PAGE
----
So, you have to have respect for the millions of professional and backyard mechanics who, pre-WWII, got everything "just tight enough".....

 

How do the early manual describe tightening head bolts?  Snug?  Then run engine and  snug again?

 

A 1930s manual for my car says:

Cylinder head nuts should be tightened in the order shown in Fig. 5. First run all the nuts down snug with a speed wrench. Next, tighten them fairly snug with a head nut wrench in the same order and finally go over them a third time drawing them down securely. If the same order of tightening is followed each time the nuts are tightened, danger of wrinkling the gasket or distorting the head will be avoided.

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Nice, so the procedure was snug, fairly snug, and then securely!  Interesting.......thanks!

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Rolls Royce in Springfield Mass had a connecting rod bolt stretch specification in 1922,  the true correct way is to measure the stretch, and the torque wrench is a better option than nothin, but it is a short cut. 

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The 1916 Pullman manual says to tighten head bolts securely but be sure to stop before the bolt breaks.

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2 minutes ago, Restorer32 said:

The 1916 Pullman manual says to tighten head bolts securely but be sure to stop before the bolt breaks.

 

That sounds like excellent advice!  How many of us have said to ourselves, "Gee, that's snug, but just a little more would be perfect",  right before we heard the snap......and I don't mean the snap of a torque wrench....

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Now if you want to start an argument just mention that a pointer type torque wrench is more accurate than a more expensive clicker type. Simple rule of physics, the more you complicate a system the more "sloppy" it becomes.

 

 

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The Phantom I RR head torque spec was "a strong man with a wrench no longer than 3""

The understood that things should be tightened uniformly, it was just the measuring device that needed to be invented. That said, there is a "feel" that you can develop it for tightening bolts. I think I have it and have very rarely if ever, broken a bolt while tightening it. I had an employee years ago who didn't and broke bolts constantly. The worst was a head bolt in a MKVI Bentley... they are actually studs that go completely through the engine. I had to take the sump off to get to the other end.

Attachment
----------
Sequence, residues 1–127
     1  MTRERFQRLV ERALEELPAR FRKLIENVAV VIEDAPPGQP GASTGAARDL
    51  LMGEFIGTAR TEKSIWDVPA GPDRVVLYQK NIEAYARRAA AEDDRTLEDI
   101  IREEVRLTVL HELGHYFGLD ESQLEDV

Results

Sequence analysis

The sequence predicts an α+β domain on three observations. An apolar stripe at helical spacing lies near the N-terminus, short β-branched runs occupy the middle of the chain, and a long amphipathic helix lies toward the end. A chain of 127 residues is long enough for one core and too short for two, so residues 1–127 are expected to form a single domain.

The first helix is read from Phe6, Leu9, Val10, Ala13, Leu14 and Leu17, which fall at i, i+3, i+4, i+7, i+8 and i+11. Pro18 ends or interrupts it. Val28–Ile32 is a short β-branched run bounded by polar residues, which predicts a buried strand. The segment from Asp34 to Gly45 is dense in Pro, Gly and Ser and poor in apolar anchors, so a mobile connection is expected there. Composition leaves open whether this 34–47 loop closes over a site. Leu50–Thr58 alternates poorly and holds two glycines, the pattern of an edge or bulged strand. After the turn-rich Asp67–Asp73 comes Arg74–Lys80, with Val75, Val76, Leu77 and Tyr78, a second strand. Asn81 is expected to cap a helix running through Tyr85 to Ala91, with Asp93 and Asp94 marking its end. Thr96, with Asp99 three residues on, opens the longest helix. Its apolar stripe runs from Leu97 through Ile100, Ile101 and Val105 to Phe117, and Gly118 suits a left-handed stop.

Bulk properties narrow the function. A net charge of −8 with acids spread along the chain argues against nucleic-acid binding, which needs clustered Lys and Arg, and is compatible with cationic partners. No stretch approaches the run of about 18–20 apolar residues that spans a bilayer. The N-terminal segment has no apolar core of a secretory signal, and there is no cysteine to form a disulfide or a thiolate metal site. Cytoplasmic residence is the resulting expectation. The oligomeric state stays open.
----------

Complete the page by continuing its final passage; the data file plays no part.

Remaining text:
Edited by JV Puleo (see edit history)

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2 hours ago, Restorer32 said:

Now if you want to start an argument just mention that a pointer type torque wrench is more accurate than a more expensive clicker type. Simple rule of physics, the more you complicate a system the more "sloppy" it becomes.

 

LoL! Yes. They operate on the same principle: bending of the arm! So how good is the metallurgy of the arm and how good is the calibration of each tool?

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The first Studebaker shop manual giving tightening torque for head studs was 1938 (280 on the gauge or 1000 inch.lb., although nowadays torque is correctly specified as lb.ft or Nm or force.distance).

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On ‎12‎/‎23‎/‎2017 at 10:34 AM, Restorer32 said:

Now if you want to start an argument just mention that a pointer type torque wrench is more accurate than a more expensive clicker type. Simple rule of physics, the more you complicate a system the more "sloppy" it becomes.

 

 

 

I actually have both.

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7 minutes ago, Ben Bruce aka First Born said:

 

 As do I. The beam/pointer I bought when I as about 18. Been awhile.

 

  Ben

 

Same for me.  Beam first because it was all that I could afford at the time.

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I tested my 45 year old 'clicker' type recently, and found it to still be quite accurate. Of course I do release the spring tension each time it goes in the drawer. And I'm reluctant to loan it out!

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8 hours ago, Bush Mechanic said:

I tested my 45 year old 'clicker' type recently, and found it to still be quite accurate. Of course I do release the spring tension each time it goes in the drawer. And I'm reluctant to loan it out!

 

I unload mine as well.

Also leave the valves on my jacks open when not in use.